About 10 years ago, on a night that is burned in my memory, my wife passed away suddenly at the age of fifty. I was 54 years old and became a widower overnight.
Now with the passage of time and passing of many seasons when I reflect on what I learned, I think there are some valuable lessons I learned. I learned those lesson in my mind, in my heart and in my soul. When you go through the searing fire of tragedy you also learn a lot about yourself. It is my sincere hope that you may learn some from my lessons too.
You are stronger that you know. The human spirit is very resilient, and I think we are more resilient than we know. People I have talked to that have been through tragedy almost all tell me they are stronger than they even knew. As Muhammad Yunis once said, “Human beings have enormous resilience.” The first week after my wife died, many people commented on how strong I was. I didn’t realize I had the strength, but I do. You do too, you just don’t know it yet. Loss causes you to dig deep down into your soul and find your reserves of resilience.
You can have hope for a bright future. I have been a motivational speaker and book author most of my adult life. Even in my darkest hours, I always knew that someday I would be happy again. I would sit in my living room, being sad, but at the same time thinking where I would a year or two later. The future was always bright place. It called practicing optimism. You choose with path to take, pessimism or optimism. As Helen Keller once said, “Optimism is the faith that leads to achievement. Nothing can be done without hope and confidence.” I always knew I would find love again. I did find love again and today I am married to an amazing woman named Rachael.
You don’t have to abide by the rules. When people are grieving other people try to put rules on them. (I don’t know why) Those rules are either direct or implied. There is a whole collection of rules about a people grieving on how they are supposed to act and feel, what they are supposed to do, how they are supposed to live their lives. One implied rule is you must wait a certain amount of time after you have lost a loved one, before you date. I decided early on that it was my life and I would not follow the rules. No one can tell me what to do and they have not right if they haven’t walked in my shoes. About eight weeks after my wife passed away, I went to an amusement park. I was a nice day and I like amusement parks. Some people were shocked I did that as if it was against some rule.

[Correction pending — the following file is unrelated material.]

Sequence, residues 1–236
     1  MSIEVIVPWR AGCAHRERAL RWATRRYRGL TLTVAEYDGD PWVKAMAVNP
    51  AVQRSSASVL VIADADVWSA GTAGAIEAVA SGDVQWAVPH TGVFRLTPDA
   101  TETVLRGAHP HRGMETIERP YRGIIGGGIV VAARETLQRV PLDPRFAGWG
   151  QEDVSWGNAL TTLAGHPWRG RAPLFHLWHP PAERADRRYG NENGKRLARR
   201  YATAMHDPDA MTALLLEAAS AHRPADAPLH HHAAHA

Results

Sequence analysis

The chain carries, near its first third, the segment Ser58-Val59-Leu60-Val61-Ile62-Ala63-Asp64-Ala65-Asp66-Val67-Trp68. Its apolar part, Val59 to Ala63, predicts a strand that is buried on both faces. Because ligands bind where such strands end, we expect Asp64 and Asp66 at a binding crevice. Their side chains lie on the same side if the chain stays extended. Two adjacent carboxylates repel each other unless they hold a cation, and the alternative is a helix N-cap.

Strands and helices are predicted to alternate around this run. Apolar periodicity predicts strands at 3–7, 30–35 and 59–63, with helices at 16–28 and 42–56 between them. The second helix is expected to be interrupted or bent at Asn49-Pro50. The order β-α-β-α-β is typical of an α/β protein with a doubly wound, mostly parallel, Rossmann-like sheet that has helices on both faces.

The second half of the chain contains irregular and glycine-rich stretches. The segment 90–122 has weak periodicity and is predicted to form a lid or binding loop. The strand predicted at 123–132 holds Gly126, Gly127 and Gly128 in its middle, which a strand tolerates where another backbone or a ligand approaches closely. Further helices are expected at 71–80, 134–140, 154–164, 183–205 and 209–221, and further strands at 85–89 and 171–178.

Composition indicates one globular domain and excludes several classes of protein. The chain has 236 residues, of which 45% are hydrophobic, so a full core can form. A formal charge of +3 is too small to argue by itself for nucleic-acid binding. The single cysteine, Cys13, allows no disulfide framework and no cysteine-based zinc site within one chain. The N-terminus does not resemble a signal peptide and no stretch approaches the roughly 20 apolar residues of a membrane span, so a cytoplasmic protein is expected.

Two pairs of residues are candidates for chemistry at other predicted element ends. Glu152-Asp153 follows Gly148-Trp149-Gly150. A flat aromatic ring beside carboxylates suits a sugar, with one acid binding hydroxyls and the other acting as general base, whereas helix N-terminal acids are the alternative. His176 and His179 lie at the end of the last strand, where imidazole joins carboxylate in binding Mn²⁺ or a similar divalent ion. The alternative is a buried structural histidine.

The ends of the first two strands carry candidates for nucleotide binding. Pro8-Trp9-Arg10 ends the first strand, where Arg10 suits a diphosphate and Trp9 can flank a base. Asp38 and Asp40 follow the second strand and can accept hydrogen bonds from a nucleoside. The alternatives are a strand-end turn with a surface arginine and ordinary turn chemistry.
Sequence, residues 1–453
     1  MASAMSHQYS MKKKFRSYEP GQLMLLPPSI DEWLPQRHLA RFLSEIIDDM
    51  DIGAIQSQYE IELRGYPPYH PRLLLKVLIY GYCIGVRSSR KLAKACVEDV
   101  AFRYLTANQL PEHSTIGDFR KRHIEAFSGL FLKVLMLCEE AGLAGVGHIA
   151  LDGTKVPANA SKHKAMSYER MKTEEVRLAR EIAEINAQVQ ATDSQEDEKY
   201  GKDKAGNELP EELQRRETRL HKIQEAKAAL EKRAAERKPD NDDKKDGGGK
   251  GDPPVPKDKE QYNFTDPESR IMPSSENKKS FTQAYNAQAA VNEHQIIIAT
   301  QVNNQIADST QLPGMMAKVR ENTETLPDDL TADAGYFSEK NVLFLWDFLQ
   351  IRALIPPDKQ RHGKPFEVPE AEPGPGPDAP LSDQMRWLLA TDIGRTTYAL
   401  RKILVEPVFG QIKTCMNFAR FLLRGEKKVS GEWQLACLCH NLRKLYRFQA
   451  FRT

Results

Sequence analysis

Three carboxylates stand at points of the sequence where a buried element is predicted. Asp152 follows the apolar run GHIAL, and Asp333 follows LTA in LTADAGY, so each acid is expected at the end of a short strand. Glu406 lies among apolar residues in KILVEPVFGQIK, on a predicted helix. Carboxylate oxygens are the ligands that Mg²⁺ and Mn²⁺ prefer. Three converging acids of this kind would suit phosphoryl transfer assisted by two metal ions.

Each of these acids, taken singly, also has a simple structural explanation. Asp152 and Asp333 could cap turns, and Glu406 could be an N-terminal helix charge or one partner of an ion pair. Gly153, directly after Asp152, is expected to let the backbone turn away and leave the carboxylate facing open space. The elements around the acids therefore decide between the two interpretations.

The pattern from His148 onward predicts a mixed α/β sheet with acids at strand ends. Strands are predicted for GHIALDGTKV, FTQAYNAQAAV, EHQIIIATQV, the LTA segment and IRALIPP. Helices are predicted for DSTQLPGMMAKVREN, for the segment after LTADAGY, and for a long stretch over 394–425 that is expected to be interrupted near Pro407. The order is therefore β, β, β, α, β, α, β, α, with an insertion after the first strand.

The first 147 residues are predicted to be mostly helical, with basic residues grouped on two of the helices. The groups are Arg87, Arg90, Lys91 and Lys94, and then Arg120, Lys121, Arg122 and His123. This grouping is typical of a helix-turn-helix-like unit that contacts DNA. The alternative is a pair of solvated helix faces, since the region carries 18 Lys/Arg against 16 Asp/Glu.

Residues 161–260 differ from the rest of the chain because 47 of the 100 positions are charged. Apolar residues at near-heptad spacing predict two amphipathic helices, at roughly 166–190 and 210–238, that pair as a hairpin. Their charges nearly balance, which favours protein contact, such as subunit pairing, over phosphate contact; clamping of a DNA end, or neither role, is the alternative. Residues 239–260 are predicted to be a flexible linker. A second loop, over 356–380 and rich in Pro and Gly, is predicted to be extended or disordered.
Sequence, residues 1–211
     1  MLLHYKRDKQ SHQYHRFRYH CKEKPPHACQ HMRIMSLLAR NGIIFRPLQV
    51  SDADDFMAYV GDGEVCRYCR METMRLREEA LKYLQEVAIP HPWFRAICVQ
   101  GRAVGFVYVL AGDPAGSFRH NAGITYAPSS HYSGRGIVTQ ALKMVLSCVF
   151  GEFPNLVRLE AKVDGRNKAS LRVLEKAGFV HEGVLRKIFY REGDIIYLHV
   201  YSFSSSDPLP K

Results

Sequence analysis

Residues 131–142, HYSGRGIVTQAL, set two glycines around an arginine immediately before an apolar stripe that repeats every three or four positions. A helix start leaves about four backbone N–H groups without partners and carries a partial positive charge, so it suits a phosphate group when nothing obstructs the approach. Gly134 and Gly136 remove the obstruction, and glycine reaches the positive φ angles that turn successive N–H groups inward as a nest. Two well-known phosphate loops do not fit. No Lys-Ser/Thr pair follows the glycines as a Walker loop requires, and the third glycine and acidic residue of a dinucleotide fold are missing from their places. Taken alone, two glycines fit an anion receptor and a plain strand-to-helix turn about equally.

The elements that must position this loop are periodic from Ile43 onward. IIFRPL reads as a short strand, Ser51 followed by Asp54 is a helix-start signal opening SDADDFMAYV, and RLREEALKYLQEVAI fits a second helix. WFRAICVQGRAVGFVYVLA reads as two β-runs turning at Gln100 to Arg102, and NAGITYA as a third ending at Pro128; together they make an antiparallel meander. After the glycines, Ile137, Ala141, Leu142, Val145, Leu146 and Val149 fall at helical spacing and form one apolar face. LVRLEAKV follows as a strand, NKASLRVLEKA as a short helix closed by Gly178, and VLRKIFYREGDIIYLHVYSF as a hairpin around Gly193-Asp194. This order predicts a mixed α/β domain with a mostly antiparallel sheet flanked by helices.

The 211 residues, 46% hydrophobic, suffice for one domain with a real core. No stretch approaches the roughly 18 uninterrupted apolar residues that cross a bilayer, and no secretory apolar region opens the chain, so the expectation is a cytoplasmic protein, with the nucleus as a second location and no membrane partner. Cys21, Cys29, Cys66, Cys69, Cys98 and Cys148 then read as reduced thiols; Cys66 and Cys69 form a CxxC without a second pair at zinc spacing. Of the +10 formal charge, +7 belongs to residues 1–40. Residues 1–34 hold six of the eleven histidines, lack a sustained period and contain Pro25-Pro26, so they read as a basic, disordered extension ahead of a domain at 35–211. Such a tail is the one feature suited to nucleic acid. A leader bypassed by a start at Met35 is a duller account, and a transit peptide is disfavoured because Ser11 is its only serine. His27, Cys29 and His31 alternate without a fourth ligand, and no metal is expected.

You deserve to be happy. After a loss, there is almost an expectation that you shouldn’t be or can’t be happy. Well, that is some crazy thinking. Why can’t you be happy? The person that is no longer here would want you to be happy. You have suffered enough. Should you suffer more to show the world how dedicated you were to the person who died? Life is way too short to be miserable. Yes, you can survive loss but also thrive.
You are not alone. Once I became a widower, I discovered lots of books and websites on grief and realized I was not alone in my experience. Many other people had experienced loss and tragedy. As I traveled around the country and told people my story, I have found many other people had their own crushing stories of loss and tragedy. Sometimes when we experience loss, we feel are alone and feel like no one else would understand, by there are many people who do understand. There are also kind souls who care and will help you, just because they love you.
That is what I have learned, and all things that can help anyone experiencing grief. Ann Roiphe once said “Grief is in two parts. The first is loss. The second is the remaking of a life.”